Oh, how often we perceive a task will be straightforward and then it develops into something convoluted and complicated. The time had come. Early yesterday evening, we embarked upon a long-awaited rearrangement in the house, so all the children could have private rooms. We have two girls who are tweens (at that ‘interesting’ age), and a six-year-old boy. The move started with the eldest, who is nearly 12. When trying to determine how she wanted her chattels arranged, it was quite a Tower of Babel scenario – the parents could not understand the child and vice versa. Ultimately, it got done but we had to restrain our emotions and resist the temptation to roll our eyes. Next came the clean up of her old room, which involved gingerly taking down all the precious posters, mementoes and artwork. Then the more simple task of moving Sunny Jim into his new digs, with rock collections and other treasures just moved en mass from one room to the next. No debate about arranging furniture in this scenario. The clutter remains the same. This was nothing, however, compared with the precocious middle child. She had been in the same room for over four years, in which time the hoarding was approaching that of TV-show proportions. Shifting her things was something like a geologic study, with sedimentary layers of debris dating back to Gr. 2. After some resistance, she agreed to dump a large pile of ‘treasures’. While helping her move the golden hoard, I actually found myself spinning in circles while holding sundry items, as there really was nowhere to put them down. My wife and I became more forgiving when we pulled our things from our old room, to find incredible accumulations of dust and tumbleweed-like balls of debris. A rhetorical question is, where does it all come from? Finally, at 1:20 a.m., we gave up on the idea of getting everything sorted out. The dining room is stuffed with the furniture from the old guest room, all for sale, and the rest of the house is piled up with other things that will have to go. Really, my wife and I are tired of our house looking like a second-hand furniture storage facility. I’m all for dumping the lot! It seems like we are often doing this, and things just keep coming in to accumulate ad infinitum. Just two years ago, I gave a friend a couple of loads of furniture that was stored in our rental property’s garage. We could fill that garage again! By the way, I chose the title of this blog as ‘Changing Rooms’ because ‘changing’ can be read as a noun, verb, or, even, a gerund. We do change in our rooms, not only pertaining to clothes but in many ways. Also, my children will change the rooms as more things accumulate and their tastes change. I do not want to CHANGE rooms again for a long, long, while.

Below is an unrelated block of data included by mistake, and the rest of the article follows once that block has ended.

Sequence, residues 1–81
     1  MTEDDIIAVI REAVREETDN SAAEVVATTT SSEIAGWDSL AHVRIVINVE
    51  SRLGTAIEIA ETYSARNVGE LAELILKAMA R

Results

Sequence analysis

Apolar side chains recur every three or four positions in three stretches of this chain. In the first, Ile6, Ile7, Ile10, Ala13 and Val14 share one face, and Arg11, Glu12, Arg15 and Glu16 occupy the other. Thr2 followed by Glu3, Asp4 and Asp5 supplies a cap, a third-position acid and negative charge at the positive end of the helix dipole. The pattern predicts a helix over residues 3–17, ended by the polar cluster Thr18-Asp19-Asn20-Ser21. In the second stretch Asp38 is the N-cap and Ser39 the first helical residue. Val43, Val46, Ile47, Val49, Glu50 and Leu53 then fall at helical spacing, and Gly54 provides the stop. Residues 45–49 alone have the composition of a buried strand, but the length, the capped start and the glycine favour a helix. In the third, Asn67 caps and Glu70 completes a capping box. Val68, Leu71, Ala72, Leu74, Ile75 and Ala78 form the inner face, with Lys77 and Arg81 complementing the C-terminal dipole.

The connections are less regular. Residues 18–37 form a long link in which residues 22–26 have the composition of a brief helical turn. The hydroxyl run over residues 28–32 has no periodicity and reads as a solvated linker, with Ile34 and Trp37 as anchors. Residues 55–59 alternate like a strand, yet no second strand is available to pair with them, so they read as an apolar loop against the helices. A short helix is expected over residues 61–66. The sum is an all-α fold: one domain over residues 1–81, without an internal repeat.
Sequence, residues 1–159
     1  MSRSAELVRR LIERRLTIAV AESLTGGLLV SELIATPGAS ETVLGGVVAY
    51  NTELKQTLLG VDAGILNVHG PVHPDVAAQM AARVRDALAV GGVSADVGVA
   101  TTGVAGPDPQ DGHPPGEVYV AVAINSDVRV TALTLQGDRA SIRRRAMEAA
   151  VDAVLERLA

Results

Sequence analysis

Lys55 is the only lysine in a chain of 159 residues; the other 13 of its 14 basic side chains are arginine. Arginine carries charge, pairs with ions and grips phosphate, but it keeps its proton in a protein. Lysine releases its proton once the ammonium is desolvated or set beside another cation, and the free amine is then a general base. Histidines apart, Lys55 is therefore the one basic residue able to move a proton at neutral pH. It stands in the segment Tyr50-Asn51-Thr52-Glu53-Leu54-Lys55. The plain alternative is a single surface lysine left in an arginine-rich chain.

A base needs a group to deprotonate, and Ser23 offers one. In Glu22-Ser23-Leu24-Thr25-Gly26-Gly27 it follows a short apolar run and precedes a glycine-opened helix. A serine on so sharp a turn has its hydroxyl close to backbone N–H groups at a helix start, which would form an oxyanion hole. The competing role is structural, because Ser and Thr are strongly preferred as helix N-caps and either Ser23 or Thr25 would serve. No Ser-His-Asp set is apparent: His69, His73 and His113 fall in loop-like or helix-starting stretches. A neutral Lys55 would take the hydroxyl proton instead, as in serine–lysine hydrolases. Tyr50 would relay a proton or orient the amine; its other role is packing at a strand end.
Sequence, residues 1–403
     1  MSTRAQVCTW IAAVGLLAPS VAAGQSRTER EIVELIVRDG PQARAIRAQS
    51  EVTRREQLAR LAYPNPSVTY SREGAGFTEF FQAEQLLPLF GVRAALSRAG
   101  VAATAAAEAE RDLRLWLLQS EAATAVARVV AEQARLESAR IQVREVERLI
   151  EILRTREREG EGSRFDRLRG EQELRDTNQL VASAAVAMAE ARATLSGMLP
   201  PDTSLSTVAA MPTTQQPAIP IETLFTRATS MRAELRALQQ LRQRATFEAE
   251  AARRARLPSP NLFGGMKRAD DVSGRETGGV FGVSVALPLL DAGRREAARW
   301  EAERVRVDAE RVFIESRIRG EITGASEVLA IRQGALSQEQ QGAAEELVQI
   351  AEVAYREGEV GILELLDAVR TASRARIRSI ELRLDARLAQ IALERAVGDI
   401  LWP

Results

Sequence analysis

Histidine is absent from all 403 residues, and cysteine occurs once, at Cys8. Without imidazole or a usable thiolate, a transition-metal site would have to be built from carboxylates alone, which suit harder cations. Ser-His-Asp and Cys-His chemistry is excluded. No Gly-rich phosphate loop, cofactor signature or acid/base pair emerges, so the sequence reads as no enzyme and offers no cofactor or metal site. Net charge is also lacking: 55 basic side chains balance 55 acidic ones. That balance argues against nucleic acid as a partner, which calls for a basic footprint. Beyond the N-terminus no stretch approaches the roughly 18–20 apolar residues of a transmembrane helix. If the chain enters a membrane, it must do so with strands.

Meaningful Innocence

6 09 2010

 

Photo by Joel Duncan

Although we live in an appallingly material world, the greatest things in life cost naught. Above is a picture of my son, James, perching on every boy’s daydream – a pile of stones! The possibilities for imaginative enjoyment are boundless here! The hill of pebbles is a slide, a source of fascinating fossils, a supply of enticing sedimentary rocks for study, a boundless stockpile of projectiles, a place to create patterns of different shapes and colours. . . . It is even a place to lounge upon while studying morphing clouds, something every youngster needs to try!

The picture above was taken on Nose Hill, a gigantic urban natural park in Calgary, Alberta. Parts of the area used to be a gravel pit and the pile of stones in the picture was left when the area was designated as a public area. It is a blessing that the heap of rocks was left, as it is a wonderful destination to stroll to. Often, James will inquire “When are we going to Rock Mountain?” We go there in all seasons, and it is a fine destination if you want to pick wild strawberries or appreciate autumn. There is always wildlife around, whether it is a deer bounding about or a hawk floating in the big blue skies. From time to time, my family has found slithering garter snakes and flailing frogs around ‘Rock Mountain’.

The aspect that I most appreciate about this place is that it is where innocence reigns. The instant-gratification shopping malls, insane traffic and other modern illnesses are all pushed into the background. It is similar to the secret spaces I used to haunt in my childhood, like a hidden lean-to I created by the Sheep River. These special places are where children and their families can share meaningful experiences and be free.